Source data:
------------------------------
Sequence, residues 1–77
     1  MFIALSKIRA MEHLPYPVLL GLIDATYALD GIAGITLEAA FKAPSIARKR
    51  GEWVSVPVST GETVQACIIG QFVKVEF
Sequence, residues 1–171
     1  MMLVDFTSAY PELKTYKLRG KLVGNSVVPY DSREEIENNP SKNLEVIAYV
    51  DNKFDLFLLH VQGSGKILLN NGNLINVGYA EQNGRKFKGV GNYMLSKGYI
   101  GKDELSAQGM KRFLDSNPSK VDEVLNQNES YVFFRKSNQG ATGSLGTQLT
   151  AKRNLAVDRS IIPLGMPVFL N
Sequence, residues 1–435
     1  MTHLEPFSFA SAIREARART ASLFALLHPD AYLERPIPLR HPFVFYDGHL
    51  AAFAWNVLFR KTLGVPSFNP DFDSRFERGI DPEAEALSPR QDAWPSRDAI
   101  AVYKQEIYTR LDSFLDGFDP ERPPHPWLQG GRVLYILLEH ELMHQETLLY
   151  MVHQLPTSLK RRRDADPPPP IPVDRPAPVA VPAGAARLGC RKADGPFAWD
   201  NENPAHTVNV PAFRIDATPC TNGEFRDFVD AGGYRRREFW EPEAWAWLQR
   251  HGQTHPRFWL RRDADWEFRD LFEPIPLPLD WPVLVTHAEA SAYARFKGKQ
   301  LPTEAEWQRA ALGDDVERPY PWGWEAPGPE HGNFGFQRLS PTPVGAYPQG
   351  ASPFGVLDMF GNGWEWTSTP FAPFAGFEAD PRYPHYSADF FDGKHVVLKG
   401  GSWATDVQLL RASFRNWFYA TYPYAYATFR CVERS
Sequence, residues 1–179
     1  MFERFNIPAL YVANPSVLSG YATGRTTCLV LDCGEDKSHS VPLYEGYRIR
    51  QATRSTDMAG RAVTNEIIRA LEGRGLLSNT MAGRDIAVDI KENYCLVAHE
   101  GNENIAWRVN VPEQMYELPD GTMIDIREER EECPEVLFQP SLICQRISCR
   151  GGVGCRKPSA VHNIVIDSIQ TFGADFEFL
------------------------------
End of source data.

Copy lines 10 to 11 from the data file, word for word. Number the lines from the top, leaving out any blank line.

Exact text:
     1  MTHLEPFSFA SAIREARART ASLFALLHPD AYLERPIPLR HPFVFYDGHL
    51  AAFAWNVLFR KTLGVPSFNP DFDSRFERGI DPEAEALSPR QDAWPSRDAI